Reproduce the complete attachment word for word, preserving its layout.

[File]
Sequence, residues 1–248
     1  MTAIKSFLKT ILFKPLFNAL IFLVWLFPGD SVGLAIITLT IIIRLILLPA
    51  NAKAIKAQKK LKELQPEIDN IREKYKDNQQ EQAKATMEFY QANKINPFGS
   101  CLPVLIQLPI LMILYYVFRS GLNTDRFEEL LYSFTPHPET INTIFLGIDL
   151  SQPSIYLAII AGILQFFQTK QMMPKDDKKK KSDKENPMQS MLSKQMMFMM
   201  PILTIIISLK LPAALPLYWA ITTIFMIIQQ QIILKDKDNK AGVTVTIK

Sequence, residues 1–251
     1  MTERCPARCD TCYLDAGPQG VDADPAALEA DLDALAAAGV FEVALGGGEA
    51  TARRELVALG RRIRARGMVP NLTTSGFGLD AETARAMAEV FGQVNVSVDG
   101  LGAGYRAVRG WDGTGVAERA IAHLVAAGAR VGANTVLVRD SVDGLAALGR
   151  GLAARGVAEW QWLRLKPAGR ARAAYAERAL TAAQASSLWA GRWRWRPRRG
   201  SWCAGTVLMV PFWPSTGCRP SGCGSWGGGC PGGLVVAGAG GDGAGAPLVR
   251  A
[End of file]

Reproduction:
Sequence, residues 1–248
     1  MTAIKSFLKT ILFKPLFNAL IFLVWLFPGD SVGLAIITLT IIIRLILLPA
    51  NAKAIKAQKK LKELQPEIDN IREKYKDNQQ EQAKATMEFY QANKINPFGS
   101  CLPVLIQLPI LMILYYVFRS GLNTDRFEEL LYSFTPHPET INTIFLGIDL
   151  SQPSIYLAII AGILQFFQTK QMMPKDDKKK KSDKENPMQS MLSKQMMFMM
   201  PILTIIISLK LPAALPLYWA ITTIFMIIQQ QIILKDKDNK AGVTVTIK

Sequence, residues 1–251
     1  MTERCPARCD TCYLDAGPQG VDADPAALEA DLDALAAAGV FEVALGGGEA
    51  TARRELVALG RRIRARGMVP NLTTSGFGLD AETARAMAEV FGQVNVSVDG
   101  LGAGYRAVRG WDGTGVAERA IAHLVAAGAR VGANTVLVRD SVDGLAALGR
   151  GLAARGVAEW QWLRLKPAGR ARAAYAERAL TAAQASSLWA GRWRWRPRRG
   201  SWCAGTVLMV PFWPSTGCRP SGCGSWGGGC PGGLVVAGAG GDGAGAPLVR
   251  A